Over the last 4 years I have chased a singular dream to qualify for the Boston Marathon. I chased that dream with several conditions that stated my shoes were not meant for running. Diagnosed over a decade ago with autoimmune arthritis my diagnosis evolved into a combination of 3 conditions (psoriatic arthritis, enteropathic arthritis, and UCTD) with Ehlers Danlos a genetic collagen disorder. Despite this I ran, and I ran fast. Knowing my time to achieve my goal would likely be limited, I spent 2015-2017 laser focused chasing it. I had the best medical care during this time, and they understood this was my dream of dreams. Together we battled multiple aggressive attacks on my hips and back. I came back time and time again when I was told it was impossible to do so. What drove me was that dream of Boston and the friends I made through Racing for a Cure. I ran through pain, and mobility impairment. In return running gave me peace with my situation as my conditions continued to advance. When I was tired or in pain my friends who ran for Racing for a Cure were there to listen and encourage, and I did the same for them.
In August 2017 that crazy streak of “I can and I will” came crashing to the ground when a diagnosis of dysautonomia came. Dysautonomia is the failure of the autonomic nerves to regulate baseline body functions (blood pressure, digestion, heart rate, etc). It was no longer just “ill advised” for me to continue running distance, it was deemed a threat to my health. The most perplexing part of this diagnosis was the fact that my marathon running that was advancing this condition, also gave me a cardiac capacity that protected me from being completely debilitated from the neurocardiac problems I was experiencing. My team told me to hold that anyway I could by exercising recumbent. They also told me though I may run an occasional 5k, my toe should never touch the line of another half or full marathon. My risks for a black out and continued damage to my nerves were too high for me to continue. I looked at my doctors and once more said watch me: with the help of my friends I purchased a handcycle in the fall of 2017. In February 2018 I returned to the half marathon that in 2017 had been my final race on foot. I returned in a handcycle that freed me from pain, ataxia, a passive mobility impairment, and a cardiac wall caused by dysautonomia that no training could surpass.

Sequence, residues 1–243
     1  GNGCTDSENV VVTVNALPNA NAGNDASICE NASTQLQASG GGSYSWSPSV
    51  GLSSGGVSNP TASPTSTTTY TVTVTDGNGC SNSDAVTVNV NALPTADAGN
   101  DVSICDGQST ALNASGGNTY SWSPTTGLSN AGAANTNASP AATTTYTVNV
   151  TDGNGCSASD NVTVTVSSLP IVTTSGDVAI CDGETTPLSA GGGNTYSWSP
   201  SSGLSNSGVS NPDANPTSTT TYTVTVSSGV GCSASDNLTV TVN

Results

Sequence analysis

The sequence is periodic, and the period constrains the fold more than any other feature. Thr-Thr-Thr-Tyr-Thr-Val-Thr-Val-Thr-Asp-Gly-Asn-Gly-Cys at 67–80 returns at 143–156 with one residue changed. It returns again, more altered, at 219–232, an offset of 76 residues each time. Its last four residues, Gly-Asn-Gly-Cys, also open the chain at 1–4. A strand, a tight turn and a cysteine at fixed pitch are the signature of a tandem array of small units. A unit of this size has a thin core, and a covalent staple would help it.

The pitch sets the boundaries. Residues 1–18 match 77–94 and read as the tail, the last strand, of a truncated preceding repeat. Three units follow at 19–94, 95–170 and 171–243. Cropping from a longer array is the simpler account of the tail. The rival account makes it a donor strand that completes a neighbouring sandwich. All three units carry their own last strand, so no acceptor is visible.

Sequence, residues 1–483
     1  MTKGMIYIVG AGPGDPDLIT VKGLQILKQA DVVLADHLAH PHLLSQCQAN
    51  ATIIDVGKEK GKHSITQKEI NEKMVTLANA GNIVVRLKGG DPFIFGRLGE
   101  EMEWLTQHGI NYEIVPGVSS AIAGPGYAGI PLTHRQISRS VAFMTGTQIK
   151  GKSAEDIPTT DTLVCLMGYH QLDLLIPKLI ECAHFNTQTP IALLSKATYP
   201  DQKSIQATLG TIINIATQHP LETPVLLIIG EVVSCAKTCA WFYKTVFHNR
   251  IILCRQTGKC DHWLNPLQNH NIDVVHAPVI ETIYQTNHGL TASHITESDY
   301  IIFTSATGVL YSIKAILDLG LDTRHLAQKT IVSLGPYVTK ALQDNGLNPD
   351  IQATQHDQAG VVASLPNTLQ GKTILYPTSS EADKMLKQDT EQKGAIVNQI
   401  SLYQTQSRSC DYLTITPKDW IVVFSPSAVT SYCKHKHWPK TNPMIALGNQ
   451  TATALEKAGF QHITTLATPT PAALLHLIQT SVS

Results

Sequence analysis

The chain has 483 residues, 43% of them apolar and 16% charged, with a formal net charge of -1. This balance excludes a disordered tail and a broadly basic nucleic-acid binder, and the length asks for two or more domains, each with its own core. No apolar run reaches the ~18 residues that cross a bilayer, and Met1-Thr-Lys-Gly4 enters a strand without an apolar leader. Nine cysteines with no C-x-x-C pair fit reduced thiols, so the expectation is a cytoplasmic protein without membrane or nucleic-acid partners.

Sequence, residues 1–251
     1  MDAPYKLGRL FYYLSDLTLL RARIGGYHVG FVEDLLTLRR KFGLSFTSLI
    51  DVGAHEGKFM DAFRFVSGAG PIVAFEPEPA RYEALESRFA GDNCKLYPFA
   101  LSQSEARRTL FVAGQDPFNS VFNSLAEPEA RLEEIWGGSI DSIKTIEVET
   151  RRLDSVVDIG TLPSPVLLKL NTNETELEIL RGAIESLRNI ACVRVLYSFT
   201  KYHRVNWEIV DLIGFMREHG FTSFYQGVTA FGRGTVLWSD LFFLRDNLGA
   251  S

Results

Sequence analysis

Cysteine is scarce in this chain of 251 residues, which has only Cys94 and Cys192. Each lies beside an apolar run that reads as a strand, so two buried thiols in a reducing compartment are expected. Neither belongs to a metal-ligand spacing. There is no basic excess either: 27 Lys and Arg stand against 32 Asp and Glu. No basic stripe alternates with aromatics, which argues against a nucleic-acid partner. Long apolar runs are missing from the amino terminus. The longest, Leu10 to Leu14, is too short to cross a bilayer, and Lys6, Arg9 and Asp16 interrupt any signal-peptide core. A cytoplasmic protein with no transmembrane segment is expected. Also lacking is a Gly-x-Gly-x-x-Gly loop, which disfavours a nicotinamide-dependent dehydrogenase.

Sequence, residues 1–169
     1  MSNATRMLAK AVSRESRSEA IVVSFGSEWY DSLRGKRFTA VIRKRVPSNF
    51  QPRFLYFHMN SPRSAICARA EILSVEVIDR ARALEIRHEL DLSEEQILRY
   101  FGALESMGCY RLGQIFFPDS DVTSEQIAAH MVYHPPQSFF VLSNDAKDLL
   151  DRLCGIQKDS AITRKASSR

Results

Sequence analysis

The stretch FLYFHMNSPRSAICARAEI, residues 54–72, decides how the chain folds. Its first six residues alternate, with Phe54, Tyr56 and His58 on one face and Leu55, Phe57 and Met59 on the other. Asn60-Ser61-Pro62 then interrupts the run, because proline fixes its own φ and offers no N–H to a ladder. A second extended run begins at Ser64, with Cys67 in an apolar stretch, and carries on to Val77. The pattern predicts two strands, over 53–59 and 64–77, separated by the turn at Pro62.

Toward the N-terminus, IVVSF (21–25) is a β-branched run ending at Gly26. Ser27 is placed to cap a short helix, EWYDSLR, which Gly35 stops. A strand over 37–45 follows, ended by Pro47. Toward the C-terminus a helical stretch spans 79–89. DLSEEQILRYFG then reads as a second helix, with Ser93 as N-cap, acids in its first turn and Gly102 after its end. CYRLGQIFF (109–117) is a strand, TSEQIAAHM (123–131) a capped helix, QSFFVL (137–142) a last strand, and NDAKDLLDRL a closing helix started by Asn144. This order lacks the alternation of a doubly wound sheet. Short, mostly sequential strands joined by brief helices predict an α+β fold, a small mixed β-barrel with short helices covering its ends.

I am angry, sad, and determined. I am a firm believer to live a big life no matter your odds. I’m a firm believer I can and I will get that dream. In October 2018 at the Marine Corps Marathon I am going for it! I’m going to put the pedal to the metal because I can’t pound my feet on the ground and I will chase a sub 2:30 marathon qualifier for Boston on the handcycle. After I complete my BQ I’m doing what I love best I’m going to Disney to Race with some of my friends from Racing for a Cure at the Wine and Dine Half Marathon! I can’t wait to celebrate overcoming disability to accomplish my dream with some of the most determined and inspiring people I know!
Bad Bones for Boston was my campaign to run myself into Boston before it was too late, it is now my campaign to get there despite my circumstances. I want my dream to help others through fundraising, and inspiring people to live the best life. The Racing for a Cure team has been there for me through my roughest moments. I made friends with many who lived with similar circumstances and they ran through pain loving every mile. Those friends helped me to come back time and time again and focus on that Boston Dream. Racing for a Cure benefits the Arthritis National Research Foundation 92 cent from every dollar goes towards research. That research helps millions of people with arthritis live better lives. Although I am a firm believer that the only disability is a bad attitude and the refusal to adapt, the reality is that arthritis is the leading cause of disability. We believed my arthritis would be what would end my running, and perhaps it was because we do not know what the cause of my dysautonomia is yet. What I do know is that the countless comebacks I had against what was deemed impossible wouldn’t have happened without the research they funded. I never would have ran at all if research wasn’t funded. I would not have known my options to adapt had it not been the friends I made through Racing for a Cure who had to make that transition decision before I did. I am forever grateful for the research, encouragement, and friendships that Racing for a Cure has brought me. All of that was done through monetary gifts that funded more than just a charity it funded a support group for those who wanted to live a big life in the face of adversity. Your tax deductible gift to the Arthritis National Research Foundation helps people with arthritis reach their dreams. Please help me give this chance to others as I chase my own dream this marathon season.